photo by Nell Mednick

About Survivor Mom

I am the surviving, 75 year-old mother of Peter Weisman who died of Duchenne muscular dystrophy in 1980. I wrote a book called Intensive Care: A Family Love Story about the experience. The book is about how a family struggles and often thrives, even under the constant threat of death. This blog is my cyber-sequel. From a survivor's vantage point, I'm going to blog, in honest detail, about how life was then, and how it is now. Expect to feel better.

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Sex?

Oct 26, 2012

By the time Peter died at the age of 15 and ½ he was sexually mature. I remember the morning I turned town his bed sheets and noticed sperm on his upper thighs and in his scant pubic hair. This is not an experience that mothers and their adolescent sons should be sharing, but, to choose less outrageous examples, I shouldn’t be brushing his teeth or shaving his cheeks either.

      “What is that?” Peter asked me as I sponged him off with a warm, soapy washcloth.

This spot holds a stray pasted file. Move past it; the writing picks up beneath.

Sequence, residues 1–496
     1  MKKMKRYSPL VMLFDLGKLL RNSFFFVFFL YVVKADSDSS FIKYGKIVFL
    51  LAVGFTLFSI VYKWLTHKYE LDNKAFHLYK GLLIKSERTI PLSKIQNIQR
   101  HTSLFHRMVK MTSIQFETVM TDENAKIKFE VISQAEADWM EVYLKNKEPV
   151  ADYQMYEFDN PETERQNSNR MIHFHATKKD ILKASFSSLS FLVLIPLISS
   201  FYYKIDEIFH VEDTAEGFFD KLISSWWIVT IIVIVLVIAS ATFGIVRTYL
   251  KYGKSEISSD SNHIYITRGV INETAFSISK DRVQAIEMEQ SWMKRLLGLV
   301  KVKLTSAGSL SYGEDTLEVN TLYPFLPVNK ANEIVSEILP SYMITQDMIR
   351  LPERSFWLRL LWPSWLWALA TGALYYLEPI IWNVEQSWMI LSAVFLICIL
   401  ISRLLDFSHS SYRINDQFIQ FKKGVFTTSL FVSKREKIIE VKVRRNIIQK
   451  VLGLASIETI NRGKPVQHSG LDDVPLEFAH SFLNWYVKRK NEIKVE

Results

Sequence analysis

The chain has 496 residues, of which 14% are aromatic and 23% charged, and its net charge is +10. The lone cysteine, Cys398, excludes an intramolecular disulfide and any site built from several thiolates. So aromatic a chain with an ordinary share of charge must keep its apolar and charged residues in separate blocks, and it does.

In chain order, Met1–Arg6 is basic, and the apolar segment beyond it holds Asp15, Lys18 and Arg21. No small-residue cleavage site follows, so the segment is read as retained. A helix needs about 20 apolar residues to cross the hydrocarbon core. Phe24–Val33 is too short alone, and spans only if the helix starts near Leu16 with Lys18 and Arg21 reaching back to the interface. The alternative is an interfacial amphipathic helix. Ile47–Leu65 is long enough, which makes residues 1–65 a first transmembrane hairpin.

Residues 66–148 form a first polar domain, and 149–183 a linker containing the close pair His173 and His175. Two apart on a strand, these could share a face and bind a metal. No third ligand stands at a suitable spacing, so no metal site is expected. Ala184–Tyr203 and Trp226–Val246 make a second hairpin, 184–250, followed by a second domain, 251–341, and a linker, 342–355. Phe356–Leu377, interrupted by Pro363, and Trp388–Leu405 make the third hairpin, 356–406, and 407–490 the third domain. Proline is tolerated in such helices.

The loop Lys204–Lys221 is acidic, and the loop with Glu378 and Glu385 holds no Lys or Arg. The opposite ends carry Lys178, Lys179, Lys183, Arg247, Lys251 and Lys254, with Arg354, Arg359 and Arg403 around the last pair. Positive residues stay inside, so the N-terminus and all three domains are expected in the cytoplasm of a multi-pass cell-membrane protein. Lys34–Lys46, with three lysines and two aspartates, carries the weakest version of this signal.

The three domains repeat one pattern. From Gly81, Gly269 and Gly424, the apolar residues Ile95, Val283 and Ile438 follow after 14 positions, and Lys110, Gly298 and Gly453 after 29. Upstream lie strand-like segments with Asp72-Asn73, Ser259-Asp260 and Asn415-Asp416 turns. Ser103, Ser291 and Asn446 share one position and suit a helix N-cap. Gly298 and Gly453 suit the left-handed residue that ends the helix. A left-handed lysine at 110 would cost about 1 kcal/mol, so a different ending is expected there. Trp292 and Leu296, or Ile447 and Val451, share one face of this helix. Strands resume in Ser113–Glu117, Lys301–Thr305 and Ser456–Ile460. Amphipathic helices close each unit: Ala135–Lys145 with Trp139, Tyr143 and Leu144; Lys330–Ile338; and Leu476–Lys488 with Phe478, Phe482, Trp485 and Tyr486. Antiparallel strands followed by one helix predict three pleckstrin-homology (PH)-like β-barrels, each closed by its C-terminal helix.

“That’s sperm. It means you had a wet dream,” I answered.

      I went on to explain, keeping my voice as level as possible, that lots of sexually mature boys and men have dreams about making love to women. Pete knew about sex. He was no innocent, and besides he had an older brother.

“And when they have these dreams, I went on, they often ejaculate sperm.

      “Well that’s not fair,” Pete said. “I just had the wet. I didn’t have the dream.” Somehow, as was often the case in our whacky family, Peter helped us to find something to laugh about. But inside I was crying.

      My husband Larry and I had spoken reluctantly about Peter’s sexuality. We projected our thoughts into the future; when he was 18, or 20, or 25 what would we do? We thought about hiring a sexual surrogate. It seemed too cold-blooded, too weird. How would we introduce her into his life? In my naïveté I imagined we would try to find someone his age who would start out pretending to be a girl friend. After a few dates, she would introduce sex into the relationship.

      We never had to face that eventuality. Peter died before most physically well young men have sex. He was never deprived of that particular one of life’s great pleasures.

      And now, over 30 years later, comes a movie called “The Sessions.” The relationship between the therapist and her physically disabled, but sexually able client is not the dishonest, pretend love story I had imagined. It is a contract between two consenting adults – kind, honest, gentle, sensitive, loving and mutually rewarding.

      If Peter were alive today, I hope he would seek such a relationship.